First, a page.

What to do if GPS traces are misaligned. Do I adjust satellite image?

Hi OSM Community:

I’m a bit of a newbie, but I’ve started recording and uploading GPS traces using my ipad and the track-kit app. What I have found is the gps traces are generally accurate but overall it appears they are misaligned to both the map data and the Bing satellite imagery.

Here is an example:
I am using a large traffic circle as a reference to calibrate my gps trace. You can see that the gps is not only misaligned from the satellite image, but more importantly, the OSM map data is also off.

**What should change? (if anything) **

Option 1: Adjust the satellite background image. I am nervous about adjusting the satellite background to the map data since it may make all the data misaligned if it is incorrect. (is there a wiki article about the do’s and don’ts of adjusting the satellite background images before adding new map data?). In this case, adjusting the satellite does not reconcile the gps to the map data.

Option 2: Start changing the map data. I am willing to start ‘fine tuning’ the map data based on the gps readings, but given that an ipad gps reading may not be entirely accurate, I am just not sure if I am helping or if I would be making a mess of the OSM data.

I’ve checked the wiki and it talks about the accurace of gps readings, but I haven’t found specific instructions about interpreting my own gps readings and using that data responsibly for map editing.

Any help would be appreciated.


You can align Bing images, but I wouldn’t do that with just one trace. Turn on the GPS layer under the background settings in iD. When others have uploaded their traces for this area they should become visible. Then you can align the Bing images based on multiple traces.

I’ve heard that some Apple devices align the GPS tracing according to the road map in the device. see http://www.openstreetmap.org/user/Kachkaev/diary/20064 for some discussion on the topic.

I would also get in contact with the other mappers in the area to see what they did to align the images, or whether they just worked with the Bing images.

Hi escada:
Interesting article on the iphone. I get the sense that the gps in my ipad air is more accurate that this older iphone in the article, but who knows. It could be thrown off by Apple locking the readings to their maps … or it could be getting corrupted data for other reasons (surrounding terrain, roof of the car is blocking some satellites, etc).

Unfortunately, I’m getting gps traces for Kigali, Rwanda and there aren’t many other mappers adding gps here, so there is insufficient data to base a decision on.

I will keep doing what I’m doing: Adding gps traces and editing the maps as responsibly as I know how.
Thanks for the comment.

One other possibility - other GPS layers. There are a couple of options from Strava that might be useful - there’s a heatmap of points available from Strava cyclists and also one from Strava runners.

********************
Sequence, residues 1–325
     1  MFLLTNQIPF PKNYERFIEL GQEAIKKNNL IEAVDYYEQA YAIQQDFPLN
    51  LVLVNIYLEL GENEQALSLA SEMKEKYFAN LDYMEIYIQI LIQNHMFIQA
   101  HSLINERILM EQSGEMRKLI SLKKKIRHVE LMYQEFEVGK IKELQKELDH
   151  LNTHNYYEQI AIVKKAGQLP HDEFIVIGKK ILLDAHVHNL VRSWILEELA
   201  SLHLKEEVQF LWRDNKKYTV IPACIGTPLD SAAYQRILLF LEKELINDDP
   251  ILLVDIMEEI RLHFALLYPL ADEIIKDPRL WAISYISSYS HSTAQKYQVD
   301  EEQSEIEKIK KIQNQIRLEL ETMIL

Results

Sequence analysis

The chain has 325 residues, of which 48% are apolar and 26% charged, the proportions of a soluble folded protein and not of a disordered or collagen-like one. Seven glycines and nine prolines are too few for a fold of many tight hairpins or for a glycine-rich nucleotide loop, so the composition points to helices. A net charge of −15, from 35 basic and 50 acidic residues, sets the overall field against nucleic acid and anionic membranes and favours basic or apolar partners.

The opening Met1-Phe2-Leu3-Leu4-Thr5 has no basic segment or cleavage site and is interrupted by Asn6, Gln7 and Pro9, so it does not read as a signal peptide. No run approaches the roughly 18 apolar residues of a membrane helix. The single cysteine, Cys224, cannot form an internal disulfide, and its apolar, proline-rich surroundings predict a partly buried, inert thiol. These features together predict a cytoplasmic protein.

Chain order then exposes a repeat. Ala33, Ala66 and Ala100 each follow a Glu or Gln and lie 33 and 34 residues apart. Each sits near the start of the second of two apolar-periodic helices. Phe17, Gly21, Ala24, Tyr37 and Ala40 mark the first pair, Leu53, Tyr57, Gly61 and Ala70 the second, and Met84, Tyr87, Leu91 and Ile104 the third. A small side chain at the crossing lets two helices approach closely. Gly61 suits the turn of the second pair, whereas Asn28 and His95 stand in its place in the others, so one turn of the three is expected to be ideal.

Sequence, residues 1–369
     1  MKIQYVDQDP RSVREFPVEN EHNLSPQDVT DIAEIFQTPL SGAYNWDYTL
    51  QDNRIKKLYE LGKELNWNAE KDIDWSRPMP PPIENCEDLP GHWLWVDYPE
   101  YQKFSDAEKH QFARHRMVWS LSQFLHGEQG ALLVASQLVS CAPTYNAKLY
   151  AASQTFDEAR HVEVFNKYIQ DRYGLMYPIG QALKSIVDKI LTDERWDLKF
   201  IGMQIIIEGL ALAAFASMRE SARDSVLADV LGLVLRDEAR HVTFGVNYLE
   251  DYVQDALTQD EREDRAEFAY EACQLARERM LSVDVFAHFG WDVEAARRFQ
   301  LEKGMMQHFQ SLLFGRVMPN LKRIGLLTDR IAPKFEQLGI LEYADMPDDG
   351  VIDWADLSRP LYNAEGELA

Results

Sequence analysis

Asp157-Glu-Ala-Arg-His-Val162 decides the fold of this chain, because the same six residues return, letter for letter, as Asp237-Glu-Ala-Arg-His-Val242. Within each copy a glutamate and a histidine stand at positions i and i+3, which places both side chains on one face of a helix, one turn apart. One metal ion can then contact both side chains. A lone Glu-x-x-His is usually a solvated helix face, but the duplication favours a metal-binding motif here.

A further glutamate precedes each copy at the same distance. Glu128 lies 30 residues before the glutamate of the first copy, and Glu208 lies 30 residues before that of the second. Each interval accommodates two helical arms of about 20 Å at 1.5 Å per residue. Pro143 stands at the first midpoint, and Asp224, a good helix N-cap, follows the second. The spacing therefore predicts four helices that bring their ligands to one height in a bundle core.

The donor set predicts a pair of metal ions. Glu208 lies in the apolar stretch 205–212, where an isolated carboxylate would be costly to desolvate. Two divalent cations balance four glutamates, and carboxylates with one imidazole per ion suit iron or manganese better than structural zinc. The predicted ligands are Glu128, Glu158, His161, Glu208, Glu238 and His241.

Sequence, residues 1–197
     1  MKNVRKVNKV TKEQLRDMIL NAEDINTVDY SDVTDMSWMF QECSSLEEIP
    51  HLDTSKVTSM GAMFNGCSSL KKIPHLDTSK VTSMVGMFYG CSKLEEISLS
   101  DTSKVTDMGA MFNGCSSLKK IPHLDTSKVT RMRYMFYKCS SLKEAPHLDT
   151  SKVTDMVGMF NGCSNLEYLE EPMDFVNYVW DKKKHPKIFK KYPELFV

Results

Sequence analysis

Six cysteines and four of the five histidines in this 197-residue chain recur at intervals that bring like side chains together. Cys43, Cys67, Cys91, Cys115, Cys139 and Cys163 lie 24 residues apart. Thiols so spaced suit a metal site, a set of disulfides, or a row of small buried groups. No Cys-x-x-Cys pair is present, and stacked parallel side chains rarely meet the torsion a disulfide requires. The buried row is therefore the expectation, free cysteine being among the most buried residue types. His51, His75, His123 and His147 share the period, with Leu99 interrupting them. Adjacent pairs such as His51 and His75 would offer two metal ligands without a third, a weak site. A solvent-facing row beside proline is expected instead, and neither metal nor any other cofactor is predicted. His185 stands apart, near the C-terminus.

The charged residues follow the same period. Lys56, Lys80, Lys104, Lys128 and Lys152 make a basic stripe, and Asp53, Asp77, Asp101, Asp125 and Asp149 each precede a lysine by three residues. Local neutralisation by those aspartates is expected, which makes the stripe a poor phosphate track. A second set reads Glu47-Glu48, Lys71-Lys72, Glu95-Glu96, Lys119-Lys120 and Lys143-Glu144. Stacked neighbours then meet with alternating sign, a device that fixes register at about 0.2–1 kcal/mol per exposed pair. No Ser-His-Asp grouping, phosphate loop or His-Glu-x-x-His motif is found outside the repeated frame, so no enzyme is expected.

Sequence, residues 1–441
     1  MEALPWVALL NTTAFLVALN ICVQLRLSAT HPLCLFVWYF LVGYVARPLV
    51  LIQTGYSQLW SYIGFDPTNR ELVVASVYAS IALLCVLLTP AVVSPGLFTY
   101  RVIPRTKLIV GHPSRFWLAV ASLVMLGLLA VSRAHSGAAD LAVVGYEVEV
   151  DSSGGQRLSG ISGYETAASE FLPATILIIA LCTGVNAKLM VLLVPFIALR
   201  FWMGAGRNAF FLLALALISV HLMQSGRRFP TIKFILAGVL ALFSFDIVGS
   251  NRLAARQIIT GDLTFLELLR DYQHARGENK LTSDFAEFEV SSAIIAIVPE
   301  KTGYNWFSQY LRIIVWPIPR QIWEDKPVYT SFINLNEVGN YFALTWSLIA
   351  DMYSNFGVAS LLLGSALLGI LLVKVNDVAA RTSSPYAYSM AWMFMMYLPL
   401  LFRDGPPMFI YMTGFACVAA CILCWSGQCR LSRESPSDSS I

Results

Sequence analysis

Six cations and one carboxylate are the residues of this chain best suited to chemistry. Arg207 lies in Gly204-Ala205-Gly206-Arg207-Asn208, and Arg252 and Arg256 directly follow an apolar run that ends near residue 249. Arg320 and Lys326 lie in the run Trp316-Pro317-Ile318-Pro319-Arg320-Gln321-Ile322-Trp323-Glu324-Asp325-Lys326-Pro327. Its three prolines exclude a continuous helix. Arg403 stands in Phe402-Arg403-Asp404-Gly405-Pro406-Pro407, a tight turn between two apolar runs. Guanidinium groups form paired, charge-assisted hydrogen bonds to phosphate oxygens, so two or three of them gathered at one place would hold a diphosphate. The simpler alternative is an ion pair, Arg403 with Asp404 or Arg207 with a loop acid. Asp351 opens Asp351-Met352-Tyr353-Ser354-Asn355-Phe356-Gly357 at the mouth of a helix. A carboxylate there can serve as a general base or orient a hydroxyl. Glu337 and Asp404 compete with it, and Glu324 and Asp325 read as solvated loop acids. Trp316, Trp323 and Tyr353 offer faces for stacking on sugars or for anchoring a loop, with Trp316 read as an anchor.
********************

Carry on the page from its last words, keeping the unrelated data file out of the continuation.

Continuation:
They’re available in JOSM’s imagery list, but you can also use them in iD too. JOSM displays them in its imagery list as:


At your location in the centre of Kigali there’s not much on the cycling layer but there is quite a bit on the running one. To see this layer in the iD editor go to “background” (the “stack of books” button at the right) select “custom”, “search”, and enter:


(i.e. lose JOSM’s “tms:” part and change “zoom” to “z”.)

FWIW you’ll see that the GPS tracks that are in OSM broadly match Strava’s on this occasion.

t is important to disable any feature in the device used to capture GPS data that uses information like an internal road map, as you otherwise end up copying the copyright map, not the GPS traces. If the traces look too good, you probably have this problem.

In most cases, real GPS data has errors that are larger than the errors in aerial imagery, however aerial imagery can have large errors in places, especially where there are height and therefore parallax changes. Even precision professional mapping, like UK Ordnance Survey maps can actually be out by several metres.

You therefore have to take each case on its merit and be prepared to use the de facto local datum for the map, even when you are sure it is wrong. If you are going to do major re-alignment, you need to contact the local mappers, who are probably rather thin on the ground in Rwanda.

The OSM map may be misaligned with your traces because:

  • the GPS constellation was in a different configuration at the time, resulting in a different error;
  • they were plotted from a government map which had errors;
  • they were plotted from a different set of aerial imagery;
  • they were plotted from a set of aerial imagery which has since been better rectified;
  • plate tectonics.

Actually, the discrepancy from GPS of both the OSM and aerial imagery alignments, in your example, seems to be well within the epected error range for GPS. As I said at the start, in most parts of the world, aerial imagery gives a much better location than a single GPS measurement. In that example, I would assume that the existing OSM was correct, re-align the aerial imagery onto that, use the GPS for the general topology and plot based on the aerial imagery. You need professional GPS surveying equipment, or GPS data integrated over a very long time, if you want really high accuracies from GPS.

The estimated error for GPS with the maximum number of satellites in view is officially about a 15m radiious circle, and for less than optimal configurations can be well over 50m